Wide-ranging UK DATA SHARING moves one step closer
Report shelved as government looks for quick fix
Comment I suspect the UK government is going to ditch the Law Commission recommendations on data sharing; this is because it wants a quick implementation of its own extensive data sharing proposals. In short, general data sharing powers are now on the political agenda again.
This is the third time in a decade the government has tried to obtain data sharing powers that apply in circumstances unconnected with the usual suspects (e.g. crime, national security, and law enforcement).
In 2006, the government tried with the Identity Card Act to permit general public sector access to the Identity Card database in order to help deliver efficient and effective public services. This was followed with wide data sharing powers in 2008's Coroners and Justice Bill; after considerable opposition in the upper house of parliament, these were replaced by the data sharing code of practice provisions (which we all love).
Third time round has happened with these proposals.
The government has learned that it needs to engage with its opponents. So for the last year, the Cabinet Office has been holding a number of public meetings with the objective of “exploring whether some of the barriers to sharing and linking different datasets in government can be removed in order to develop a better understanding of the economy and society; deliver more targeted and joined-up public services; and save public money lost through fraud, error and debt”.
In many cases, the government insists that any data sharing occurs with the consent of the data subject. However, the documentation also indicate that consent is not the only way for data sharing to occur.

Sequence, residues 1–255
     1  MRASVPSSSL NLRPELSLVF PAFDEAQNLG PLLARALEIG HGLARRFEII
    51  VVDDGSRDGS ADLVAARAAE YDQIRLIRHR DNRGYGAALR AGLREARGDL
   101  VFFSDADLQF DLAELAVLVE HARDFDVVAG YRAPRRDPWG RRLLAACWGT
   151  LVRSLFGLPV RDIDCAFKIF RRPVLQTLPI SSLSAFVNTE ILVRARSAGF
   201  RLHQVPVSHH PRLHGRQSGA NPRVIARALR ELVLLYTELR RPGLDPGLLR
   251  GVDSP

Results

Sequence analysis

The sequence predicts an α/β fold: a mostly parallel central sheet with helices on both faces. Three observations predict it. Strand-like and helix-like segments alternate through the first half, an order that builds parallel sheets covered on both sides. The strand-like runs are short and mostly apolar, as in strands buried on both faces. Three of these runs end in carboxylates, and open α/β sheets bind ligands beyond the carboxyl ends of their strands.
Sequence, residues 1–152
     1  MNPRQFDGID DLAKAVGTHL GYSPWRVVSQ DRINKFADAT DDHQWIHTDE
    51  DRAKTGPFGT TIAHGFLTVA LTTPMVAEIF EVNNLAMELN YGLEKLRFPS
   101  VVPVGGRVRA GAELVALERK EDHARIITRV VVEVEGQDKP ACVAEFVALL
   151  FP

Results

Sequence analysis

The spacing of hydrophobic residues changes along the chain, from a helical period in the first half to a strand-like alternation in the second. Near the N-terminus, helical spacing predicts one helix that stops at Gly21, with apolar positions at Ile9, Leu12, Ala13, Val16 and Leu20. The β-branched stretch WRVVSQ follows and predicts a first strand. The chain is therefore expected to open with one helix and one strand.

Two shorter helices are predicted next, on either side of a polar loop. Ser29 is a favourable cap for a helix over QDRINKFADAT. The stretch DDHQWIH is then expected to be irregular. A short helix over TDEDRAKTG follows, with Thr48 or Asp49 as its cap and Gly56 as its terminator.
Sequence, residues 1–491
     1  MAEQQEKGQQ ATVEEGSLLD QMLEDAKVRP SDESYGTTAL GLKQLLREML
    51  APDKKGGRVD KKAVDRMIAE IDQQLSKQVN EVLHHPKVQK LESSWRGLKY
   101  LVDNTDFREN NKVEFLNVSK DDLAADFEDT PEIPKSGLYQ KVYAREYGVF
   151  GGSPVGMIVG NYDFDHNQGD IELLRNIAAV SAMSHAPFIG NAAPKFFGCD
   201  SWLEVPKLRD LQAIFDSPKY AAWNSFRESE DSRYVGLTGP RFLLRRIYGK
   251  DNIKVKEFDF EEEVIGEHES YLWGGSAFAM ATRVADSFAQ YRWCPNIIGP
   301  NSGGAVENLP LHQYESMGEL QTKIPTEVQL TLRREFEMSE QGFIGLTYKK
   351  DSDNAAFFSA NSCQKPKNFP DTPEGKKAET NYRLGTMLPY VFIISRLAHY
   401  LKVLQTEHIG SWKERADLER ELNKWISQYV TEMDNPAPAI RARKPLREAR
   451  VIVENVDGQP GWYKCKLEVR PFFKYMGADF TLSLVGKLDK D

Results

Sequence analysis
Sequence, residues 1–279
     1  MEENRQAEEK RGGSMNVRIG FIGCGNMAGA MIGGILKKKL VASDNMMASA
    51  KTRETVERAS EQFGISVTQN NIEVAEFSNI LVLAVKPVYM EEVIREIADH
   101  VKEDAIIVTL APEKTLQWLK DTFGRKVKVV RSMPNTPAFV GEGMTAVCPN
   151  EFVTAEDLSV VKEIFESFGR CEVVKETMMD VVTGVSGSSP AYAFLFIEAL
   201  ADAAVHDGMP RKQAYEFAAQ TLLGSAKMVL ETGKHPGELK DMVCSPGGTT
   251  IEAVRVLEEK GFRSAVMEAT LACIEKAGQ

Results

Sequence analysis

This document states that government intends to take a general data sharing power which “...is intended to be used in situations where...”:
“The objective could not be met without data sharing", or
“It is not realistic and practicable to use consent to achieve the intended outcome or use of consent would not meet the criteria of free and informed decision”, or
"Analysis of anonymised data would not achieve the intended outcome”
Although this is a discussion document, I think the chosen wording gives rise to several concerns. For instance, the data sharing power has not been described in terms such as being "necessary" in association with a pressing social need that has been identified.
And what does “not realistic” mean in practice? Could these powers be used when so many data subjects refuse consent to the data sharing, that it would then become “realistic” to override these refusals?
In addition, who decides when it “is not realistic” to rely on data subject consent or what are the circumstances when anonymous analysis “would not achieve the intended outcome” (Does this extend to data sharing of health and social work records for instance?). As with the two previous data sharing initiatives, the devil is in the detail.
It is no good, as the document does, in providing examples of “beneficial” data sharing. The problem is that when powers are enacted, they can be used well into the future. As with the adage “puppies are not only for Christmas”, once these powers are available, they can be used indefinitely until repealed.
In fairness to the points made in the document, it does identify the problems when “very broad powers” are used, but proffers no solution to this, unlike this.
The 28 July documentation claims that the privacy safeguards against excessive data sharing include: "The Data Protection Act 1998; Law of Confidentiality; Article 8 of the European Convention on Human Rights and EU legislation on data sharing". I will now show when these legal safeguards are unlikely to apply.